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    Advice on tethered cord/neurogenic bladder and spinal lipoma

    Hello, CareCure Community. I'm new here, and this is my inaugural post. I have some questions for Dr. Wise (below), but would appreciate feedback from anyone here. Please bear with me on the length of this post?I tried to be as brief as possible, but wanted to provide the relevant background info. Thanks in advance for reading.

    • I'm a male in my early 30s who was recently diagnosed with tethered cord involving a thickened/fattened filum terminale with filum lipoma. I had no history of spinal cord injury or any neurological symptoms (at least none significant enough for me to realize they were symptoms) before this, and led an extremely active life (intense daily exercise, demanding job, etc.).


    • I began to notice issues with urinary retention late last year following an unrelated ruptured appendix, appendectomy, and hospital stay. I presented to a urologist and was informed that I had nearly a liter of urine in my bladder and had neurogenic bladder (with a very distended/trabeculated bladder), which was very surprising and disconcerting (esp. the potential for kidney damage), since I thought I was in great health.


    • An MRI of my spine was ordered, which showed a tethered cord due to a thickened/fatty filum and a low-lying conus (thecal sac extending into S2-3 area). It appears that this is a congenital condition (neural tube defect), but I have not been told that I have any bony abnormalities or traditional ?spina bifida.?


    • I soon discussed my history and MRI with a pediatric neurosurgeon, realizing that there were several signs of tethered cord/spinal dysraphism in my past, including a cutaneous/skin tag on my lower back (surgically removed when I was an infant) and more recent issues with bowel urgency, weakened leg strength, weakened urine stream, and sexual function impairment. We agreed that tethered cord release surgery (sectioning the fatty filum terminale) was advisable to prevent further deterioration, and hopefully, restore some function.


    • The tethered cord release surgery was performed in December of last year. Since then, my function hasn't really improved much. I've been self-catherizing 4 times/day (around 40% void/60% cath daily) and haven?t seen much improvement in catherization volumes, bowel issues (managing with high fiber diet and some Miralax), or sexual function (need Viagra most of the time).


    • My neurosurgeon suggested a one-year follow up appointment and did not suggest an MRI (noting that an MRI would show tethering/scarring, but the tethering is very unlikely to be ?symptomatic), but said to call if I have any worsening symptoms.


    • I also discovered in the operative report that I had a "large terminal lipoma" or "conus/lipoma complex"--my understanding before this had been that the filum was thickened, but the operative report suggested the lipoma may be at the conus level or transitional (not limited to the filum), which was concerning. The report says: "Inspection of the intradural contents showed the distal spinal cord to be infiltrated with fat which extended causally into expansile lipomatous tissue with some fibrous tissue and possible nerve roots adherent to the lateral margins of the conus/filum structure."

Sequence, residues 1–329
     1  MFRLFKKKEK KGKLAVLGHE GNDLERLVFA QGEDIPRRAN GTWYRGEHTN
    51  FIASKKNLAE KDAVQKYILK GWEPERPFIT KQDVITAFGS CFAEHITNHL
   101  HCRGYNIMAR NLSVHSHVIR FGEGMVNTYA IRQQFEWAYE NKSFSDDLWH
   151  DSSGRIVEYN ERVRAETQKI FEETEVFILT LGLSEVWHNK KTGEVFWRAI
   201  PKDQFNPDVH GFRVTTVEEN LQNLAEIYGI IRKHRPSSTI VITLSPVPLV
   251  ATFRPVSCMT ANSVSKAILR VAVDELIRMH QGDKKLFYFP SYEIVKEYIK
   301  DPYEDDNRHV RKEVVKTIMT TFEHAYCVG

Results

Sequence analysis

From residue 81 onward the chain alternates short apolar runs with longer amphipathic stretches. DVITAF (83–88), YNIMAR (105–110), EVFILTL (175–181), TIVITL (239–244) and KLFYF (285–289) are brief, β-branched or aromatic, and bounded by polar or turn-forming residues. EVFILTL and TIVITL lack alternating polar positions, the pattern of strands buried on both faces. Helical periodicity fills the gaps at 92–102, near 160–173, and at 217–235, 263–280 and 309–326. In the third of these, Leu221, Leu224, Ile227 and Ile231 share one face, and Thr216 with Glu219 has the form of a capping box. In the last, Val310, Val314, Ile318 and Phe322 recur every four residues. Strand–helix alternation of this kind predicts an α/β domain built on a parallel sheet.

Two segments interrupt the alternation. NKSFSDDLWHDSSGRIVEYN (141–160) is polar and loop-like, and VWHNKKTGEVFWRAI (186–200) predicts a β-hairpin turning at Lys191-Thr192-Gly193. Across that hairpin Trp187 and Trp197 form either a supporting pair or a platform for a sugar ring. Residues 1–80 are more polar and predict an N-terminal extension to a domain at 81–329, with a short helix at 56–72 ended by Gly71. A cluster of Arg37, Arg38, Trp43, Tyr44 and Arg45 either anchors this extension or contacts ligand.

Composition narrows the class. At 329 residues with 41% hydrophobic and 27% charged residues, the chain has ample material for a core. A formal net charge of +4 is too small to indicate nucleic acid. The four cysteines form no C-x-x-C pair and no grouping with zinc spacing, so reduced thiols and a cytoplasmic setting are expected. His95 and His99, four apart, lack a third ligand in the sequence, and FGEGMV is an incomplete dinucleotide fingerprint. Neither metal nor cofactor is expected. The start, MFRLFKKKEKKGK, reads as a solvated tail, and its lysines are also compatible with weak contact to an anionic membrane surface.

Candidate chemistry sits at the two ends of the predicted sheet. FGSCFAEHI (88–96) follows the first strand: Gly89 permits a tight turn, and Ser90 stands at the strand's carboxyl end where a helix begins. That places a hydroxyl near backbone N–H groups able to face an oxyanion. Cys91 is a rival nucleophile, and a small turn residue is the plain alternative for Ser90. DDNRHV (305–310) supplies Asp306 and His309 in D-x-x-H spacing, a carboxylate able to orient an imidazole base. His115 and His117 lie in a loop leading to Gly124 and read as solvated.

• In addition, my surgeon informed me after the surgery that there was nerve damage to S3-S5 nerve roots on the right (no response generated by neurophysiological monitoring), but the other nerves appeared to give a response. Excerpt from report: ?On the right side, roots were identified along the lateral aspect of the conus/lipoma complex, and these were stimulated and found not to carry sphincter potentials even at baseline prior to any manipulation.?


    • I questioned my surgeon regarding the nerve damage (whether she could give further prognostic information based on this), and whether the lipoma was causing any tethering--she essentially said no on both. However, I?m seeking a second opinion now with another pediatric neurosurgeon to ensure that the surgery was done properly and to do everything I can to monitor/manage/treat my condition.


    • I also recently had an MRI done (ordered by new surgeon), which showed "mild clumping of nerve roots along the periphery of the thecal sac about the lumbosacral junction," "subtle enhancement also seen in this region," and "question arachnoid adhesions." From the operative report, it sounds like the clumping of nerve roots was already present before the surgery, and the ?questioned? arachnoid adhesions may just be the post-surgical scarring that my surgeon expected, but I?m not sure.


    A few questions:

    1. Based on the above, do you have any suggestions regarding prognosis and chance of recovering function?
    2. Also, what is the chance of worsening function and retethering? I noticed some of your older posts where you noted the importance of proper material to repair the dura and prevent inflammation. Surgicel material was used here?what are your thoughts on that?
    3. Although my surgeon said she completely untethered the cord, I?m concerned about the description of the large/extensive lipoma (?infiltrating the distal spinal cord?) from the operative report. This sounds different to me than simply a fatty filum and perhaps it should be removed before it grows further. Any suggestions on this?